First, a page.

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Error Analysis by Mind Map: Error Analysis

1. Mistake: usually, accidental and you know it is wrong; therefore, it can be self-corrected if noticed or called to attention.

1.1. Example: while speaking, saying "I didn't went to school yesterday." - Acknowledging the mistake will take the learner to self correct it by saying "Oh, sorry. I didn't go to school yesterday."

2. Error: made out of lack of knowledge.

2.1. Example: using the word "embarrassed" instead of "pregnant" when learning the language and not knowing nor understanding the language yet. Once you know the meaning, you stop using it incorrectly.

3. Overt: it's very obvious and easy to identify. "A deviation in form."

3.1. Example: students using verbs incorrectly after using modals. "I can to eat more if I don't can eat dinner."

4. Covert: not so easy to identify, as they will be superficially well-formed, however, the meaning may be completely different.

4.1. Example: I once heard someone saying "It's an elbow.", which sounded grammatically correct; however, the student was trying to say that someone was stingy.

5. Categories of Errors

5.1. Addition: the presence of particles that shouldn't exist.

5.1.1. Example: "He wants for to go to the school."

5.2. Omission: removing particles that give a proper grammatical structure.

5.2.1. Example: "I like go the movies."

5.3. Substitution: exchanging a word for another with the same meaning/pronunciation.

5.3.1. Example: "I am going to assist to the meeting.", instead of "attend".

5.4. Ordering: not following grammatical structures accurately. This is noticeable in beginner levels.

5.4.1. Example: "Mine is the car blue.", instead of "The blue car is mine."

6. Global errors: they affect the whole meaning of a sentence, making it confusing and sometimes, impossible to decipher.

6.1. Example: "For the vacations I going to trip on a bark in the beach."

7. Local errors: they won't affect the sentence greatly, but they are noticeable. The listener will still be able to infer the meaning.

7.1. Example: "Let's call the policy, there is a thief!"

8. Interlingual transfer: errors caused by a strong influence of the native language.

8.1. Example: "The umbrella of the Maria is in the boot." - "Maria's umbrella is in the boat."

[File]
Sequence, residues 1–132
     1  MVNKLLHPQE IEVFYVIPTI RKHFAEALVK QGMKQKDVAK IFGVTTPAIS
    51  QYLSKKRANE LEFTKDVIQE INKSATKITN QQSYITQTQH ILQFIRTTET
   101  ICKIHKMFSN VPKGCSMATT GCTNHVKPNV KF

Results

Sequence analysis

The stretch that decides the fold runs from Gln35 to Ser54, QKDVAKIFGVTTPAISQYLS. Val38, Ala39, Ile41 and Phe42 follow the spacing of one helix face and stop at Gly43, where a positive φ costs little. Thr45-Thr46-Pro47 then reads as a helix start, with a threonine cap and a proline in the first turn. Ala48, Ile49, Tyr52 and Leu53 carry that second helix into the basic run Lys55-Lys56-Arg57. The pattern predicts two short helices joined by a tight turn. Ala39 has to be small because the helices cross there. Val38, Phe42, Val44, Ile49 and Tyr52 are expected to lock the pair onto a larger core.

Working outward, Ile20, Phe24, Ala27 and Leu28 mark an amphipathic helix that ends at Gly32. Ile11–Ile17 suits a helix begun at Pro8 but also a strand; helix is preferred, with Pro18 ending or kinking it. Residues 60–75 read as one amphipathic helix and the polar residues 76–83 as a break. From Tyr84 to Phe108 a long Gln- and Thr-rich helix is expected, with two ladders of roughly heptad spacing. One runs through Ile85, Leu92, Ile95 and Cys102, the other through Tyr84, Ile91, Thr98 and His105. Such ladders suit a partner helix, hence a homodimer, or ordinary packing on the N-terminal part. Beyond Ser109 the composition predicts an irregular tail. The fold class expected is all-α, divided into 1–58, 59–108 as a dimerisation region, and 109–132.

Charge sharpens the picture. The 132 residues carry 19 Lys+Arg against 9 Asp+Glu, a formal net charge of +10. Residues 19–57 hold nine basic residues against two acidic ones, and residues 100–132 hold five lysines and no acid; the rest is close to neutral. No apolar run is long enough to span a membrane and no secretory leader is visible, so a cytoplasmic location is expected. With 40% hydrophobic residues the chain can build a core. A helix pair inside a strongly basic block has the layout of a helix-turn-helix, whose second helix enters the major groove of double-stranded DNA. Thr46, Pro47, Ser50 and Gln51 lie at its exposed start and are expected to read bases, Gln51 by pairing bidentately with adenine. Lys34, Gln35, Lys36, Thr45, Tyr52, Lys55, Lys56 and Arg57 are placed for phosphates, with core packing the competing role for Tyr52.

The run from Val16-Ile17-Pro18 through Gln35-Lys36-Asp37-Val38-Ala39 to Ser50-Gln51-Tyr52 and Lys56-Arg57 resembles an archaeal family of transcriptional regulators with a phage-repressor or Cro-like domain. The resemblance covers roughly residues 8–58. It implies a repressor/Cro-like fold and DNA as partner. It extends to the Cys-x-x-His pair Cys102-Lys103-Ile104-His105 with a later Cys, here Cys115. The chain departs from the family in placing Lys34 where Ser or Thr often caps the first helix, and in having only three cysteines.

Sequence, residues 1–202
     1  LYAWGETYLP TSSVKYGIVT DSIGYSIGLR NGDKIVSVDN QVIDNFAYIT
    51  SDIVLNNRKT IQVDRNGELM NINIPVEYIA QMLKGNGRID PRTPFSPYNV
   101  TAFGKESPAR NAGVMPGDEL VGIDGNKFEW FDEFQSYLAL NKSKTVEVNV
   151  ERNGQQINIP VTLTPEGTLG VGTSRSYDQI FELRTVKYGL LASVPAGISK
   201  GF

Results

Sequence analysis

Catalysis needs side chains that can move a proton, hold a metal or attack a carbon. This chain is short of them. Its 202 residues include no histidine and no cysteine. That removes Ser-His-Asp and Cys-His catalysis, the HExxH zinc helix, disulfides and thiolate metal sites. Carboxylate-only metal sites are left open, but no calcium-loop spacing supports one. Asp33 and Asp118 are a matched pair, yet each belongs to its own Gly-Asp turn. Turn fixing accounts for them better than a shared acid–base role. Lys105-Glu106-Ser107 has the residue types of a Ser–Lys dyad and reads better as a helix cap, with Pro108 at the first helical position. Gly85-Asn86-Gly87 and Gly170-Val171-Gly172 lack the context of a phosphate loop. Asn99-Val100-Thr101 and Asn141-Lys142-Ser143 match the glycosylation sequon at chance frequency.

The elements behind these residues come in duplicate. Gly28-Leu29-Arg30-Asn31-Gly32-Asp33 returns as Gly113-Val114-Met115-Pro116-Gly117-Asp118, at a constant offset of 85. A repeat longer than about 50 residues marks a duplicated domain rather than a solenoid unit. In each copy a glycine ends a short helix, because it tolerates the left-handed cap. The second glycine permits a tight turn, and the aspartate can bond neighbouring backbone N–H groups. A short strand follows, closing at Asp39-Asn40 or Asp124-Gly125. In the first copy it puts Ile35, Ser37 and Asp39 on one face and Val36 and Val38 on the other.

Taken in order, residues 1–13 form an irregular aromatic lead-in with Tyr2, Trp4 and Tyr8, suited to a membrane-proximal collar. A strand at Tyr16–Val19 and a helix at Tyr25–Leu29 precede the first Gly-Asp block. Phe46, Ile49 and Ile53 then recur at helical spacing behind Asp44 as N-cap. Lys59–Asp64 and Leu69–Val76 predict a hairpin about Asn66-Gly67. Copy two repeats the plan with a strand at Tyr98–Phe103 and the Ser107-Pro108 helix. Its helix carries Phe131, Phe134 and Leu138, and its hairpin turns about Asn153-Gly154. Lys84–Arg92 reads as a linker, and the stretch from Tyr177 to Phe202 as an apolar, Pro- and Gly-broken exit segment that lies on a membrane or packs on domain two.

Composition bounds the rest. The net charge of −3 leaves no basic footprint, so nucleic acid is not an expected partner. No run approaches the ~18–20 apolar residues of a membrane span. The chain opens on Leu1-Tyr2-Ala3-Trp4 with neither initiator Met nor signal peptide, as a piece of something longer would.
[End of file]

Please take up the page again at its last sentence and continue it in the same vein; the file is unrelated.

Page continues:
9. Intralingual transfer: a misunderstanding or over-generalization of rules once the beginner stage is over.

9.1. Example: "He cannot came to the school because he be sick."

10. Fossilization: when incorrect language becomes a habit and it's hard to correct.

10.1. Example: "Billy don't want to go to the party, because she don't dance."

11. Stabilization: when the learner has mastered the language to a point where he/she is able to self-correct.

11.1. Example: "I couldn't to join to...uh, I couldn't go to the meeting because..."

12. Error Treatments/Types of Feedback:

12.1. Recast: reformulates or expands the mistake, making it noticeable for the learner to correct. (Rewording)

12.1.1. Example: S: I can't to come to school tomorrow. T: Oh, you can't come to school tomorrow. Why not? Are you feeling sick?

12.2. Clarification request: the teacher requests for clarification once he/she identifies the mistake. (Say that again)

12.2.1. Example: S: My friend Michael, she is in the bathroom. T: Excuse me?

12.3. Meta-linguistic feedback: provides more context, tips or information to help the learner better understand and properly correct the mistake.

12.3.1. Example: L: My friend don't eat meat. T: I see. Do you remember what happens with third person singular conjugations?

12.4. Elicitation: helps the learner to self-correct. It gives "prompts" to the learner, so they can catch up easily.

12.4.1. Example: S: My siblings plays soccer on Sundays. T: Your that a plural or singular noun? S: Ah! My siblings play soccer on Sundays.

12.5. Explicit correction: directly tells the student what should be corrected on the spot. (Stop!)

12.5.1. Example: S: I am a estudent in the class. T: "e" before "s" in the beginning of words. Can you please repeat your sentence?

12.6. Repetition: the teacher repeats what the learner said, but correcting it and adding a change in intonation, so he/she notices what should be corrected.

12.6.1. Example: S: Thank you for your advices. T: Thank you for your "advice".